Last night, because of an odd-for-me schedule, I found myself downtown in Portland, on a warm May Friday evening, around 8 or 9 PM. For a lot of boring reasons, I haven’t spent a lot of time downtown, wandering, with no particular place to be, not recently. My normal mode lately is to go, get what I need done, and return to Sellwood, my home neighborhood, as quickly as possible.
There was a time, several times, in my life, however, when that was not the case. Downtown Portland was a destination and a playground for me and my friends. Simply hanging out at Pioneer Courthouse Square, or walking or driving up and down Broadway. Movie theaters. There were late-night bookstores, bars, and dance clubs. I could write a book. Many books.
Last night, in an introspective mood, I went looking for that same feeling. I started by going to Powell’s City of Books, still a world-class bookstore, one of the largest in the country and possibly the world, on several measures. No matter where you are in the world, if you’re a reader, you may know of Powell’s, since it’s an online bookstore that rivals Amazon and is often mentioned in the same breath. That website came after the physical bookstore chain, which itself started by taking over an entire city block, expanding out and up and down and becoming a weird maze of shelves and books and cranky, furtive, hippy, diverse, booksellers.
Powell’s is not the only place I wandered as a kid, far from it. Just stepping off a bus, or waiting on the bus mall for a trip back to the suburbs, or, later, parking the car and wandering around. I could talk about the Broadway Theater or the Fox Theater, The Metro, the Blue Aardvark dance club, the Virginia Cafe (the original one, tucked away on SW Park between Morrison and Yamhill, not the new one across from Central Library), the X-Ray Lounge or Satyricon or Roseland, or Tom McCall Waterfront Park, on a summer night on the river.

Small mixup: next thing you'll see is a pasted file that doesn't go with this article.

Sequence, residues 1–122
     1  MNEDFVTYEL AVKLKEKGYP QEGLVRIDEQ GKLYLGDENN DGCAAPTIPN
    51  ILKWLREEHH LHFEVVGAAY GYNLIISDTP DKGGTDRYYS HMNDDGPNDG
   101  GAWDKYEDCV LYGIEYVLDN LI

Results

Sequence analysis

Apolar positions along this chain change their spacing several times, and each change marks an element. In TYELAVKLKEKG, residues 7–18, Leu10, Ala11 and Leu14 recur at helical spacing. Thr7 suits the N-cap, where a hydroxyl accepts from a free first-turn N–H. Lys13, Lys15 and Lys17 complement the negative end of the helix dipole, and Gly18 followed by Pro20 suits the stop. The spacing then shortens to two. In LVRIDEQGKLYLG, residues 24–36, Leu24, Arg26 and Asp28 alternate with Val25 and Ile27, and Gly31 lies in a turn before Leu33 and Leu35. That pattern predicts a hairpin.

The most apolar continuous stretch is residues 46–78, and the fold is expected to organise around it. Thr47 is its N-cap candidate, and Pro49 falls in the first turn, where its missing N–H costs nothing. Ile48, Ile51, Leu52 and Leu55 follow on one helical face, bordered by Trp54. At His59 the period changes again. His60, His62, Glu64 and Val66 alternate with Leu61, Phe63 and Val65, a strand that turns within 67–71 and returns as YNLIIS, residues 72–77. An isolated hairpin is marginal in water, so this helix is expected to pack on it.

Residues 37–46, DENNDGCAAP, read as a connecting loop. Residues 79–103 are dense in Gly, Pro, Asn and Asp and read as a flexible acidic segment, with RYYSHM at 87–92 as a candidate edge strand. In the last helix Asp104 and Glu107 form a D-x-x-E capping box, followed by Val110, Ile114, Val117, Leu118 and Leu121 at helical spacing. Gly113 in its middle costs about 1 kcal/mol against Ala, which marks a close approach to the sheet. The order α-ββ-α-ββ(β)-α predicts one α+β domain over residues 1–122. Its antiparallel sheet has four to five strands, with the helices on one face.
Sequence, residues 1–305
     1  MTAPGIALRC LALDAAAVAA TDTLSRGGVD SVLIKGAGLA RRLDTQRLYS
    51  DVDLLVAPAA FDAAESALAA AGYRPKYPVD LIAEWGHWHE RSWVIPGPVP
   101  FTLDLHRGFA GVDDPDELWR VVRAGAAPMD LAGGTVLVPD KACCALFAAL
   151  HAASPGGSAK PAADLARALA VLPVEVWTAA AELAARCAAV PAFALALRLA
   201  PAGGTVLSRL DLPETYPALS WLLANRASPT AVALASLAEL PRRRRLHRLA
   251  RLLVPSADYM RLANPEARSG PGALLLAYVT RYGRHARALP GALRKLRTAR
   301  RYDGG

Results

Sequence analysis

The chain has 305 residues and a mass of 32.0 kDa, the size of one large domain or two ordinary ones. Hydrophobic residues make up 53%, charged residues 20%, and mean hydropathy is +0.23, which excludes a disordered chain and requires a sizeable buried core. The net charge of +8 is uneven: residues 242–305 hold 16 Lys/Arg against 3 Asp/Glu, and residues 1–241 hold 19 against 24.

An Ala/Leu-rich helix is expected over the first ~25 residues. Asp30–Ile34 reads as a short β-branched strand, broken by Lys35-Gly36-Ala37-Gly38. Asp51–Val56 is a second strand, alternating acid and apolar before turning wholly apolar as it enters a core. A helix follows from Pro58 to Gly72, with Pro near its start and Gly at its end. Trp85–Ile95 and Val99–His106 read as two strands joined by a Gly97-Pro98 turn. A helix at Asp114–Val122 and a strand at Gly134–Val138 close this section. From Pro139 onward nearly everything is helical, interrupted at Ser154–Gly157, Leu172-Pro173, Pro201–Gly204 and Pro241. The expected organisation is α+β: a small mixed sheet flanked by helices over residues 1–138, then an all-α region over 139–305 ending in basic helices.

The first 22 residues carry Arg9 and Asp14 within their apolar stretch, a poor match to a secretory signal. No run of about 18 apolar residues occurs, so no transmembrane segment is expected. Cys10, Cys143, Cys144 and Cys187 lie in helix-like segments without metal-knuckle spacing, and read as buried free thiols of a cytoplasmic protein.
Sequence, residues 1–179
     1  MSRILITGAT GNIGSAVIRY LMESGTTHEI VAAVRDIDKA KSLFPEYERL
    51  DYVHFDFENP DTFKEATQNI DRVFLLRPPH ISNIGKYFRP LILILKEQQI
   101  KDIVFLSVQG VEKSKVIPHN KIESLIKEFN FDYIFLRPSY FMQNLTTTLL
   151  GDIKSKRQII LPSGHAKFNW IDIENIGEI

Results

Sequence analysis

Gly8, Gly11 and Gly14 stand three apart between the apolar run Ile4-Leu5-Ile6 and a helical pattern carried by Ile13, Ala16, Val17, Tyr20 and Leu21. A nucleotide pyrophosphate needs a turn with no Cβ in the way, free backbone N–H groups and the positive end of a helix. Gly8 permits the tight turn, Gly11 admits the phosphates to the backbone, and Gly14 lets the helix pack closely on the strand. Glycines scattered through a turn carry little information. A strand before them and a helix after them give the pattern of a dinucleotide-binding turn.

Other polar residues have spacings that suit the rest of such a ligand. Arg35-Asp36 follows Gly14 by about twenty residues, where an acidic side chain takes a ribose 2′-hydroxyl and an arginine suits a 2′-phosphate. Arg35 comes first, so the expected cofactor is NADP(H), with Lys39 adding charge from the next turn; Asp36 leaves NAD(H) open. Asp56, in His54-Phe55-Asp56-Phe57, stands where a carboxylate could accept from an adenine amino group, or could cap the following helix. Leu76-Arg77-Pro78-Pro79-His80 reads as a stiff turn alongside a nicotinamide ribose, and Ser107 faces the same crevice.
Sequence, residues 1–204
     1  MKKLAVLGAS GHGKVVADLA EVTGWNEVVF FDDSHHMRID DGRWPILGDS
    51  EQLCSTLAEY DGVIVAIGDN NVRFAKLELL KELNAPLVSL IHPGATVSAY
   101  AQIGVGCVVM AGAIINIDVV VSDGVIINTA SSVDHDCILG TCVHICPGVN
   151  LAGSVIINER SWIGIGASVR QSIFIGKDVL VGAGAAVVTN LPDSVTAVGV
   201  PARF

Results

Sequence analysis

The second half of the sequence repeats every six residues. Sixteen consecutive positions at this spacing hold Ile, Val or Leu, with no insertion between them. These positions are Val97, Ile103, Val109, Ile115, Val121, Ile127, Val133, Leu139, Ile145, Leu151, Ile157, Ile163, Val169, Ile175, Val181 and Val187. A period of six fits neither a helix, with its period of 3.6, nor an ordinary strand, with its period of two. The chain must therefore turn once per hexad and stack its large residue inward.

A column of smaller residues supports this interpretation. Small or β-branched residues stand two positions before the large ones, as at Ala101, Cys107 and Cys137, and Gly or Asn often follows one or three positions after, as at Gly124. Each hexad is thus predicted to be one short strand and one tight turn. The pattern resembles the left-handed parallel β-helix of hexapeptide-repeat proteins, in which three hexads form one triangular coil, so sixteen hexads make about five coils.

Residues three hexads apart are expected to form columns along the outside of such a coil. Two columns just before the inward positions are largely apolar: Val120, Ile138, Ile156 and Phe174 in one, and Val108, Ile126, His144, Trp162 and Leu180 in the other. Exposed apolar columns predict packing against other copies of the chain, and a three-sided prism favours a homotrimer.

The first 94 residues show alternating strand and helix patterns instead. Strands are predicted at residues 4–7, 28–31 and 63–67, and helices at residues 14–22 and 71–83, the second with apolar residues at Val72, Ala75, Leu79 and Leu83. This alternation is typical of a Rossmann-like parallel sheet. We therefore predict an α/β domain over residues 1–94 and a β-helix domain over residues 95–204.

Powell’s, though, Powell’s is central.
My beautiful readers, the story of Powell’s could fill a room full of books all by itself. It’s difficult to settle on just one. And my life history is entwined with it, too, and not just as shopper and shop. For an all-too-short time, two years, summer 1992 until summer 1994, I was an employee, until I was fired. It was a rough time in my life, and the main reasons were that I was still trying to get a handle on this “being an adult” thing. Paying my bills, doing my job, not blowing all my money on strippers and pizza. I was in my late 20s, and I was a mess. I was crushed by being fired, but honestly, looking back, I deserved it. I would tell early-90s Brian so many things, but I am not sure he would listen, because I would only be telling him the same things my co-workers, friends, and family were telling him. As my dad said at the time, after I told him I was fired, “I’ve been fired from jobs before, but I’m not sure I’ve ever been fired from a job I loved before.”
Losing that job broke my heart, tossed me into a pit, and cost me several friendships. Shortly after, I was forced out of the basement apartment for failing to pay my rent, prompting me to live out of my car and hiding my shame from everyone around me, although I’m pretty sure they all knew. I would shower at my parent’s house, carefully timing it when my dad was at work, because mom was more sympathetic.
Eventually I did get a new job, but it took a few months. I got hired on as a temporary worker at Intel, putting replacement Pentium chips into boxes, to repay customers who had purchased flawed Pentiums, on a swing shift. From there, I made the transition to technical work, and began my career. But it was a rough and rocky time, beautiful people. I get the sads just thinking about it.
I had been fired from Powell’s 22 years ago, but I never stopped going there. Even after being cast out for failure to adult, the idea of that giant multi-level building carved from the heart of liberal Portland was too enticing to avoid. Through the years I’ve seen it grow and modernize. The architecture has become more refined. Instead of writing prices in pencil on the first page, computer printed labels with bar codes tell if a book is new or used.
But there are still faces in the aisles that I recognize as co-workers from those summers two decades or more ago. It’s easy for me to imagine 28 year old Brian straightening up, flying right, and becoming a lifer there. A different life but maybe a very similar Brian, in a more stable place and state of mind?